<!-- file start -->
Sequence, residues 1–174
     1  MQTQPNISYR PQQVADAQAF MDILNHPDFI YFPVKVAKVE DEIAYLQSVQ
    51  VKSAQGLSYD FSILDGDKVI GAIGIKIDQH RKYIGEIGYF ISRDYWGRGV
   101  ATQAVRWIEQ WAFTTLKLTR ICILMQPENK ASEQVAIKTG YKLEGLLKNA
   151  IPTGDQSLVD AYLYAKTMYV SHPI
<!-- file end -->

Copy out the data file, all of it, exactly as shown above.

Sequence, residues 1–174
     1  MQTQPNISYR PQQVADAQAF MDILNHPDFI YFPVKVAKVE DEIAYLQSVQ
    51  VKSAQGLSYD FSILDGDKVI GAIGIKIDQH RKYIGEIGYF ISRDYWGRGV
   101  ATQAVRWIEQ WAFTTLKLTR ICILMQPENK ASEQVAIKTG YKLEGLLKNA
   151  IPTGDQSLVD AYLYAKTMYV SHPI